Other Words for Home | by Jasmine Warga

Other Words for HomeOther Words for Home by Jasmine Warga

My rating: 5 of 5 stars

Note: Review of an Advance Reader’s Copy sent on a #BookExcursion | Book Releases May 2019

Other Words for Home is a beautifully penned novel in verse told in six parts about a Syrian girl who leaves her country for the first time to visit her uncle who lives “an ocean away in America,” during a time when revolution and war grows ever nearer to her city. Hers is a story about family. Friendship. Love of country, for a town that used to be “a place for people to laugh and enjoy all the things that unite them like family and sunshine and the sea and good food.”

I love that Jude and her best friend Fatima are into American movies and that they admire Sandra Bullock and Julia Roberts. That they sing along to American Pop music and are fans of Madonna, Whitney Houston, and Mariah Carey. Her father loves his family and is so charged with the duty of their safety and stability as the highest priority. He owns a store where he sells convenience items to tourists. Her brother Issa cares about his country and understands the importance of taking a stand for what is right even in the face of peril. He believes in change and longs for free elections and democracy for everyone. Her mom is brave and wise and shares in her husbands growing fear for what may be coming. When the decision is made to leave, it means that Jude will be leaving Baba and Issa behind.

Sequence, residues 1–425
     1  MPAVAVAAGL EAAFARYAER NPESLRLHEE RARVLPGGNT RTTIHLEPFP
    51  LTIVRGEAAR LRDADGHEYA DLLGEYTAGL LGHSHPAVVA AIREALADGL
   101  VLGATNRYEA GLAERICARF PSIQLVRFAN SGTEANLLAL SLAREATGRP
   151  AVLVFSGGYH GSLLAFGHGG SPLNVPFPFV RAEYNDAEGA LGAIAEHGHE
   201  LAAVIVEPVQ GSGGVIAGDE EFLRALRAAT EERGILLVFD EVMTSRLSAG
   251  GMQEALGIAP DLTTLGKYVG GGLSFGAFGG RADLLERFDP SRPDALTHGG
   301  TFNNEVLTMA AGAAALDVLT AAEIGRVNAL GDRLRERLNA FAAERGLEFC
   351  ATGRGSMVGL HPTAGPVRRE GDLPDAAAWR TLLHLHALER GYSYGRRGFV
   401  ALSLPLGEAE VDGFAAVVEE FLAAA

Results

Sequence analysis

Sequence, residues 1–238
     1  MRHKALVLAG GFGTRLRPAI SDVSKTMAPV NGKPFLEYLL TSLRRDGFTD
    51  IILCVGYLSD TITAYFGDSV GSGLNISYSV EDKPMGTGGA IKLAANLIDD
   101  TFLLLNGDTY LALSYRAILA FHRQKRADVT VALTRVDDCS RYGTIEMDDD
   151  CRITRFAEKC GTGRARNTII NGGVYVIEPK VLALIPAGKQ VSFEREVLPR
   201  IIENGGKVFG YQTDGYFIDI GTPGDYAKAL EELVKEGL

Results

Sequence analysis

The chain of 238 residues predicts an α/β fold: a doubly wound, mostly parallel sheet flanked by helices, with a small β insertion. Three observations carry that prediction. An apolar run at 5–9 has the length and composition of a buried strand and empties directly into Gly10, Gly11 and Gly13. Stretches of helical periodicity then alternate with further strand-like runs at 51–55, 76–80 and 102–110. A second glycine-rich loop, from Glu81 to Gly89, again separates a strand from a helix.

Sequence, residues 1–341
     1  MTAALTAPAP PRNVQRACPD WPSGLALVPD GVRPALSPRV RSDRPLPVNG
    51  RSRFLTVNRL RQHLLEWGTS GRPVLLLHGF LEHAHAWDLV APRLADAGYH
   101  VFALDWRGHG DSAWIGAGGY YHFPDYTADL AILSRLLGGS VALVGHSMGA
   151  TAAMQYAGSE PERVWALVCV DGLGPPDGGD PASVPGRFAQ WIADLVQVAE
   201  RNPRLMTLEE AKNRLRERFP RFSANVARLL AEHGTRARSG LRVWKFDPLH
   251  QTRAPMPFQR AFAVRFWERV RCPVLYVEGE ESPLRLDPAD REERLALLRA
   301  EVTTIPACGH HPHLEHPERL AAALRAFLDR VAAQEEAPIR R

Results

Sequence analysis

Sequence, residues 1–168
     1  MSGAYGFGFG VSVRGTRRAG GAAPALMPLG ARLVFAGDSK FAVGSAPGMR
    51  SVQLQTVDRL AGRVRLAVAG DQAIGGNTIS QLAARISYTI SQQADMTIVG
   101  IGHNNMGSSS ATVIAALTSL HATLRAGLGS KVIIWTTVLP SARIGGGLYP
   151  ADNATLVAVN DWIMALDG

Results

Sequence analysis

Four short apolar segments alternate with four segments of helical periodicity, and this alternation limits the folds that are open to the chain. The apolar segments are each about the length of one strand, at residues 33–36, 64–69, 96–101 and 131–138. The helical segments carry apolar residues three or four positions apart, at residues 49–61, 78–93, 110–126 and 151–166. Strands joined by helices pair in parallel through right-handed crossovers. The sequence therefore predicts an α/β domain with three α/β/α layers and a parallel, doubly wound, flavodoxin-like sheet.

Living in America brings challenges of its own. Learning English. Getting to know her American family. Making new friends and figuring out where she fits in, all while worrying about Baba and Issa back home.

Other Words for Home gives the reader a window into immigration and what it feels like to long for home while trying at the same time to make a new home in America. It includes a glossary of Arabic words and an author’s note at the end of the book. Jasmine Warga has created a masterful middle grade debut; one that belongs in every classroom and library. It is well suited for upper elementary and middle school, and would likely also be a book that high school students would be interested in reading. I now count this among some of my other favorite novels in verse like The Poet X (Elizabeth Acevedo), Long Way Down (Jason Reynolds), and The Crossover (Kwame Alexander & Mary Rand Hess).

View all my reviews


Jasmine Warga | http://jasminewarga.com/

Balzer & Bray
An imprint of Harper Collins Publishers

Book Excursion | PLN Group of Rockstar Reading Educators| #BookExcursion

A few #BookSnaps I made using PicCollage


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